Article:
The well is a 27-meter spiral staircase, an inverted tower, that wasn’t used for water but more “ceremonial purposes.” From the top you can climb all the way down to the base where the dark grottoes lead you to other places on the property, including a small pond and waterfall.

After grabbing a bite to eat at the cafe there, we stood at the bus station just down the hill. Buses full of tourists passed us. We knew we wouldn’t get a spot on the city bus, so we called an Uber and sat in traffic on the way up the mountain to the Castle of the Moors. We hiked the rest of the way to the Castle of the Moors when someone had parked like a bozo, blocking traffic.

The views from the top of the Castle of the Moors, which dates back to the 9th century and was used as a strategic point during the Reconquista, made the city and it’s National Palace look so small. Mansions dotted the green mountain side.

We walked along the edge of the castle, back down through the forest and all the way down to the city center. The hike took about 30 minutes going down. It’s steep and bumpy at times, and would take at least an hour to hike from the bottom to the very top (spitting you out at the castle, and in walking distance to the Pena Palace).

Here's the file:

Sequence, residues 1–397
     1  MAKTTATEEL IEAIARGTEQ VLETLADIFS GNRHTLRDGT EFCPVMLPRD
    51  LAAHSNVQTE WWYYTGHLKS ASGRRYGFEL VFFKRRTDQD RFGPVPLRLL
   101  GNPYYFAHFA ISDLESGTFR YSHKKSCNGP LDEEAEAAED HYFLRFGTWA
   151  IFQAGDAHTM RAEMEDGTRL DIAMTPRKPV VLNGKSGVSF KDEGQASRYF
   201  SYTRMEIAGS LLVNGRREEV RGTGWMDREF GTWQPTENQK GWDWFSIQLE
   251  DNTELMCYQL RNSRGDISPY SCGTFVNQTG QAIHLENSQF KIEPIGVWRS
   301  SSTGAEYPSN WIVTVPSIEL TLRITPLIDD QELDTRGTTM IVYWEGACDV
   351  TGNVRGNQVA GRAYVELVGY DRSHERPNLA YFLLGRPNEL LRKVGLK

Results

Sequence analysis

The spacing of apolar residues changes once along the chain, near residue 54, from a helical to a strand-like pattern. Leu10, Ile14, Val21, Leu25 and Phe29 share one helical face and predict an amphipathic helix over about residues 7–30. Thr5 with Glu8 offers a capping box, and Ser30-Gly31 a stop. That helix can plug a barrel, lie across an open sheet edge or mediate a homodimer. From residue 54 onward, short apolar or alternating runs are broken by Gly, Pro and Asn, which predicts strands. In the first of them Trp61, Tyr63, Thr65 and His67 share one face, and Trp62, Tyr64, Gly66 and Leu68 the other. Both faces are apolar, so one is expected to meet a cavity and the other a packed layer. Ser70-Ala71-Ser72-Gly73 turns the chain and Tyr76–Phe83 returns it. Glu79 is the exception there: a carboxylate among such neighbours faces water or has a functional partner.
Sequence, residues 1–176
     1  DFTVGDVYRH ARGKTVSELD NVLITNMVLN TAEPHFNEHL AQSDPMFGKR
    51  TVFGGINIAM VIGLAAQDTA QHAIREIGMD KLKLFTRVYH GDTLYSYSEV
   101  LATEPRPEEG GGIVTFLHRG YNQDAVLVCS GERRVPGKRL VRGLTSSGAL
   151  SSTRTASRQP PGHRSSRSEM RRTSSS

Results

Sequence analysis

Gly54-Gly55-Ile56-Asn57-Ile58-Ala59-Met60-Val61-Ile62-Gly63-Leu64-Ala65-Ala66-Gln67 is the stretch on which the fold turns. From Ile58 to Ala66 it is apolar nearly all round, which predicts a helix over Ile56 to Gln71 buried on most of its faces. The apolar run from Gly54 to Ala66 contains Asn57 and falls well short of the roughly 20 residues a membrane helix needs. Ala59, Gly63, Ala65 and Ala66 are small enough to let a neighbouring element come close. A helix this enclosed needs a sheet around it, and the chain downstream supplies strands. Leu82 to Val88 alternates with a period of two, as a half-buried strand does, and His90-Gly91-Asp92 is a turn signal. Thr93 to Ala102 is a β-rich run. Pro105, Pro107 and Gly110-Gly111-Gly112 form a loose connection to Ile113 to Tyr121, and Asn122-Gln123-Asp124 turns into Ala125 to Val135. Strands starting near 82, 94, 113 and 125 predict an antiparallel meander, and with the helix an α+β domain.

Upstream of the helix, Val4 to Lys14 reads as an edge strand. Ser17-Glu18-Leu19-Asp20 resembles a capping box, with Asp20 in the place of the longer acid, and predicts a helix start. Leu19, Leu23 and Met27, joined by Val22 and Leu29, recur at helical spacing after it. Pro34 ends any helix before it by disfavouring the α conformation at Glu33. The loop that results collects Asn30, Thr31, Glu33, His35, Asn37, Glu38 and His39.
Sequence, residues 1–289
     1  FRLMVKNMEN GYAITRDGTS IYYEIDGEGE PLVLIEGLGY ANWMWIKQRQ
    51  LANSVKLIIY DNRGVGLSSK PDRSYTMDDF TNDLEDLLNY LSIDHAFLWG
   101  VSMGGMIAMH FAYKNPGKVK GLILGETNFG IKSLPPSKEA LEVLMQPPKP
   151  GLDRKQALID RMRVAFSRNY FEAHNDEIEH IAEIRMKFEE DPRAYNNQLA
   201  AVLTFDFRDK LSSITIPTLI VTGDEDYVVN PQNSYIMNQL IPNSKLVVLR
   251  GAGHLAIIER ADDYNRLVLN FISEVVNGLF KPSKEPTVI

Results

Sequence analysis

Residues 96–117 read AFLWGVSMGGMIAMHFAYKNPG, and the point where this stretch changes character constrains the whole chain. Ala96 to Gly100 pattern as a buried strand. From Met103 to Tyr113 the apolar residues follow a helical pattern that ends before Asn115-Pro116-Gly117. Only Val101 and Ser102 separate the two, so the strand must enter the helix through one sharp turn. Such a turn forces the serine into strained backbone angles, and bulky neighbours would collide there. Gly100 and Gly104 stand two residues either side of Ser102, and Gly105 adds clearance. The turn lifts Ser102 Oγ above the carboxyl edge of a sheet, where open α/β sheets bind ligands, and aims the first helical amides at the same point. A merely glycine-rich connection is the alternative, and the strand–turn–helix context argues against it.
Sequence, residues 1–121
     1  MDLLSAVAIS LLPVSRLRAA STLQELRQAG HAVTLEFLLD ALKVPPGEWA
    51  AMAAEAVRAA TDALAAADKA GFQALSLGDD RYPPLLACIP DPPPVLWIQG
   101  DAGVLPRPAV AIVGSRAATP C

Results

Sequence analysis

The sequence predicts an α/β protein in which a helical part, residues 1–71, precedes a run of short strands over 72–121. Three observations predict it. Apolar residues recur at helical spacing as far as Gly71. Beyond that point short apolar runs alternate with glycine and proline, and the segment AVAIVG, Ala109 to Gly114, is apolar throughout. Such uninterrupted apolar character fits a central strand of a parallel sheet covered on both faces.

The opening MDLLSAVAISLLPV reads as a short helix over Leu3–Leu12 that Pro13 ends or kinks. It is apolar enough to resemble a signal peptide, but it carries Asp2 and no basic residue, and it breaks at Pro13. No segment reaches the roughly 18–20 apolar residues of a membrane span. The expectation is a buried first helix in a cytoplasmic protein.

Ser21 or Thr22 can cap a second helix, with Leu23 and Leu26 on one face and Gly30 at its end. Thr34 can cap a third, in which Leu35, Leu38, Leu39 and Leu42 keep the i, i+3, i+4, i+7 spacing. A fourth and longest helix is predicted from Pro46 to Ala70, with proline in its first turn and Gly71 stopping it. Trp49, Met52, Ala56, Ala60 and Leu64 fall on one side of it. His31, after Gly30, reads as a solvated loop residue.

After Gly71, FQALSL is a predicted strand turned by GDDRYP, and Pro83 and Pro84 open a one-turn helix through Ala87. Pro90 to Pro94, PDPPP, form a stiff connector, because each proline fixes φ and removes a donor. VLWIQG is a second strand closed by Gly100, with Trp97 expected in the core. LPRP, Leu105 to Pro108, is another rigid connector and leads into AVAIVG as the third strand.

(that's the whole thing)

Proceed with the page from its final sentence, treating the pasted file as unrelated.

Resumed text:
We toured briefly around the small city center, stopping to buy some postcards and attempting to sample a pastry at the famous Piriquita; the travesseiro of Sintra (pillow pastry with almond cream) and the queijada (cupcake size pastry made of egg, cheese, milk, and sugar). We hear there are two locations, one off the main drag and another on the same street but higher up. Go early to get them warm! (Luckily for us, we got to try the treats later that night at a restaurant around the corner!)

Taxis seem plentiful during the daytime in the city center near the National Palace of Sintra. We took one to our Airbnb, a small cabin built for elves on the property of a hotel turned home, with views of the mountaintop castles. Taxis don’t seem to be patrolling the wooded roads of Sintra. We suggest making sure you have a Portuguese speaking friend (or travel book) and phone service if you’re staying away from the city center.